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Jamaica history

Spanish rule

Jamaica historyBefore the Europeans set foot on Jamaican soil with Christopher Columbus in May 1494, around 100,000 arawaks (or aruaks) lived here who had immigrated from South America in the first millennium. They survived the colonization of the island by the Spaniards, which began at the beginning of the 16th century, the associated forced labor and the diseases brought in for less than a hundred years. The lack of manpower on the sugar cane plantations (sugar was coveted in 17th century Europe and was traded at high prices) was compensated for by the Spaniards (and after them the English) by African slaves who were brought to the island in the following decades. In 1655 the English took over Jamaica and made the island the center of their West Indian colonial empire.

British rule

According to AbbreviationFinder, Jamaica became the main transshipment point for African slaves in the 18th century, with an estimated one million blacks being sold here, some of which remained on the island. Jamaica was Britain's richest colony at the time. This changed in the 19th century: slavery was banned (1807, this became binding for all British colonies from 1838), sugar was obtained directly in Europe from the sugar beet grown there. Independence granted to the population was revoked and Jamaica was converted into a crown colony in 1866. Since the beginning of the 20th century, the voices calling for independence from Britain have been growing louder. In 1938 the poor economic situation triggered unrest and strikes among the population. The two political parties still relevant today,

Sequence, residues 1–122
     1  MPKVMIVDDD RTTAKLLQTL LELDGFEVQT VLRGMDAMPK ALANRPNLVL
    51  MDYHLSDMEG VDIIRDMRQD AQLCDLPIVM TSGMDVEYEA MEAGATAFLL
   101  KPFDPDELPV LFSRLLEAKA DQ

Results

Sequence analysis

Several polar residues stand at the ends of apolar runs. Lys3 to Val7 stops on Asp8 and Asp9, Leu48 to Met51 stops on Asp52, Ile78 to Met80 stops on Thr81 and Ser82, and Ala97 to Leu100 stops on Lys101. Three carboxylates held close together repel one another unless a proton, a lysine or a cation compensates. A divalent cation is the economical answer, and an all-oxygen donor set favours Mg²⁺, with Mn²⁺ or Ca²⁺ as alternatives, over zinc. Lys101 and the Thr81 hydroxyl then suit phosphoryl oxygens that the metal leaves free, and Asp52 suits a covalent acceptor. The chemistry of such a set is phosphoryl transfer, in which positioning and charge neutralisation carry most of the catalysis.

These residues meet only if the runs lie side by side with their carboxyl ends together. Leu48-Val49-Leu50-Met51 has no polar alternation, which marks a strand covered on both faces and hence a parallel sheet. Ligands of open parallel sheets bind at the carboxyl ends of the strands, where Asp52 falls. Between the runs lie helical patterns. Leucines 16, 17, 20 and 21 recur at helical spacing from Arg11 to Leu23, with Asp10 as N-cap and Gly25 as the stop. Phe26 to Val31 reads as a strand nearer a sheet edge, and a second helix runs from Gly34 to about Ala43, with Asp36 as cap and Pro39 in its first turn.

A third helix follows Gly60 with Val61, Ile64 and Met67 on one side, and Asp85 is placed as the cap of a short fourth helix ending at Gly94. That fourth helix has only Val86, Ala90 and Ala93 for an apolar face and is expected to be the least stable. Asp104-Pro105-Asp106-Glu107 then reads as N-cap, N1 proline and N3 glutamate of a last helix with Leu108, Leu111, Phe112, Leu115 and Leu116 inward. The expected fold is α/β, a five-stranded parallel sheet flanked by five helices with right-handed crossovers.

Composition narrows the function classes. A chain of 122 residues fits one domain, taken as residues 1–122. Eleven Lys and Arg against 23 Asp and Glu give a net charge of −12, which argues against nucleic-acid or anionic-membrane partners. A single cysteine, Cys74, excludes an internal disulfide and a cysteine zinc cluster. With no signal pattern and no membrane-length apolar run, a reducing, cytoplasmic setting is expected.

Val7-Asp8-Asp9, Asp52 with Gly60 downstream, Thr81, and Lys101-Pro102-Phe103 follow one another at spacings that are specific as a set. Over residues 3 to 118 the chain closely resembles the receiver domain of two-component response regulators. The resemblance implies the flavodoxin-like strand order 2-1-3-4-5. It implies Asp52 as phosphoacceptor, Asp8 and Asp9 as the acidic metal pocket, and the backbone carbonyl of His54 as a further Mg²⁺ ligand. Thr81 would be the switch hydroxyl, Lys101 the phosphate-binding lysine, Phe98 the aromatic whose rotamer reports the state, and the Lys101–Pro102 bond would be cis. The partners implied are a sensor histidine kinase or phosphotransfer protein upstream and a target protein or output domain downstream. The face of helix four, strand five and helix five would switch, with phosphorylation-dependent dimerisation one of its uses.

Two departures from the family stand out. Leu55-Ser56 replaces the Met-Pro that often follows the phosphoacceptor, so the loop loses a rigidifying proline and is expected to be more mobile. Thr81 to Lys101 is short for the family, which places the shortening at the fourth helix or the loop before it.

Independence

In 1959 Jamaica was granted internal autonomy, and in 1962 the island became independent as a member of the Commonwealth. The British monarch remained formally head of state. Over the next few decades, traditional economic and cultural ties to the UK loosened and new contacts were made with the United States. The two major parties, the People's National Party (PNP) and the Jamaica Labor Party (JLP), took turns in governing, with the elections often resulting in bloody riots. Both parties were unable to solve domestic political problems such as high unemployment, mismanagement and impoverishment of large sections of the population. The economic crisis in the 1970s was caused by the continuing fall in prices for sugar cane and other export products that were important for the island.

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